I usually have to decide if I fly or take a train. My aunt lives about 850km away in another country and we visit her a few times per year. We used to take the train most of the time, when I was a child, because there was a direct one (means 10 hours on a train) and there are big savings for children. (you only have to pay 50% and that only in the other country. Children could travel for free in my home country when the family has a discount card) So the decision was made easily. Nowadays I have to pay the full price, there is no direct train available anymore (means more stress with changing trains) and less time to spend on holidays in general. We usually fly nowadays, as it takes about half the time (door to door) and it usually costs about the same. I think although costs are the major factor in deciding wheter to fly or drive, other thing have to be considered as well.

  4. Honestly, this is a sheer case of cost-benefits. Obviously, driving is often cheaper. But is it really “worth” the cost, if driving takes 3x more in transit time, and it’s arguably less safe the longer the distance (you get tired, it gets dark, etc.). For me, I think it depends on how big the price differential is: if I’m only saving a few bucks, I’ll fly instead. πŸ™‚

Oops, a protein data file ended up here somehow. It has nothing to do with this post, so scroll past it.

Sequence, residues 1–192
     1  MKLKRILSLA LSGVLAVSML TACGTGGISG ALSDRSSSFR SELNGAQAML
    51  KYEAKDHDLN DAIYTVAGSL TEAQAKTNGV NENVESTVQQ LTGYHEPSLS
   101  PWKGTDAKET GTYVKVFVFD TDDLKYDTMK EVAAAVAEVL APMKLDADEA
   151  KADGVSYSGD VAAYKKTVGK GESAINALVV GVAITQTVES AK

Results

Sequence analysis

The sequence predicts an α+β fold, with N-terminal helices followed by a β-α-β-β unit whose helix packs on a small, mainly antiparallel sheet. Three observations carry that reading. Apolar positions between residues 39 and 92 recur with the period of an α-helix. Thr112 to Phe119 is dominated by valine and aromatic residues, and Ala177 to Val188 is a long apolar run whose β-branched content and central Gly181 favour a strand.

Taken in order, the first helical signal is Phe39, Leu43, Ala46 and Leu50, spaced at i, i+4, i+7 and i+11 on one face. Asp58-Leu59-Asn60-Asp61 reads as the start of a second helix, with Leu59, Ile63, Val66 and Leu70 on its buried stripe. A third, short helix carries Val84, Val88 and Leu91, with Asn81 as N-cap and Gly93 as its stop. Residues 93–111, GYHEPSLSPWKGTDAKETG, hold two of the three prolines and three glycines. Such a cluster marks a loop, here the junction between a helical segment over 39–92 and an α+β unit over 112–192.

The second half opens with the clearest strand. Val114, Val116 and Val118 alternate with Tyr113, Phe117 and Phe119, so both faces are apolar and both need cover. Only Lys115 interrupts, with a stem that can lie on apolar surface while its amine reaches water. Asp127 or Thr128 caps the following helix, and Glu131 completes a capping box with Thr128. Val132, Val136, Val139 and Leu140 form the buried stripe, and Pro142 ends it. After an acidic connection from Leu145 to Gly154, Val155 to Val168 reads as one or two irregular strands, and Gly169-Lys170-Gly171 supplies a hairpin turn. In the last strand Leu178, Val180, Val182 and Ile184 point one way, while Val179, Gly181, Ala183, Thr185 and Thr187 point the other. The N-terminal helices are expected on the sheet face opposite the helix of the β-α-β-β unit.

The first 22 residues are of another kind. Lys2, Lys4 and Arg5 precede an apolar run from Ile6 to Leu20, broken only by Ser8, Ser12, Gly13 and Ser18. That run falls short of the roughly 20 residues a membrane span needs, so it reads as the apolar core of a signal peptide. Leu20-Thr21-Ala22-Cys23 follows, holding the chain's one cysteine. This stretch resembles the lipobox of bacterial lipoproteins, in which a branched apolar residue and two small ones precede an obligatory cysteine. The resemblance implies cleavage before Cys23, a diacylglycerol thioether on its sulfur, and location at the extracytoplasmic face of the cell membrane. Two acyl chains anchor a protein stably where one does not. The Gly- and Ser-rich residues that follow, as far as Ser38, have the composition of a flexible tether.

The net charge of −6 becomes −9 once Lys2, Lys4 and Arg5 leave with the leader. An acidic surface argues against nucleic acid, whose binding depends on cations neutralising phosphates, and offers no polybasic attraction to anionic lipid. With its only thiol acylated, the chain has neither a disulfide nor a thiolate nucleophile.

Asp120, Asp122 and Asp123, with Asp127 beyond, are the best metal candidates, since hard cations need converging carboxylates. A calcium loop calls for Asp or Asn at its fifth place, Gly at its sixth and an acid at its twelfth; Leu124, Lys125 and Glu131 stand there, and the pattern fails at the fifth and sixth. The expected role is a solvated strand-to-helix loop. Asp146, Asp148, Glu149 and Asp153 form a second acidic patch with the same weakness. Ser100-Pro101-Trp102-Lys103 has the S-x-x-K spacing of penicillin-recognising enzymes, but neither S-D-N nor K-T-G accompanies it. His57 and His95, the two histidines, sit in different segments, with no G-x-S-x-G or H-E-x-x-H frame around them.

1. Absolutely, Frank! Once you figure out the price points, it’s important to factor in the time. My husband and I love road trips so for us driving doesn’t feel like a hassle – but I know many people do not share that feeling. πŸ™‚ Less hassle can be worth paying for, it’s just good to know how much you are shelling out for the convenience {or of course, in some cases the more convenient option is actually cheaper!}

  5. We drive to our summer holiday spot (Croatia). It’s a 12 hour drive and it’s just a tank worth of fuel. We’re 3 people so it’s very cheap (not to mention we can carry more stuff, since we’re in our car). When we go to Spain for instance, we take the plane. Driving there would be at least 2-3 days, more tanks to fill, hotels etc. It’s not worth the hassle, especially when the airplane tickets are pretty cheap.

    1. You are making me jealous, Ramona. Visiting Europe is on my bucket list! I would love to be able to drive from country to country admiring all the beautiful scenery.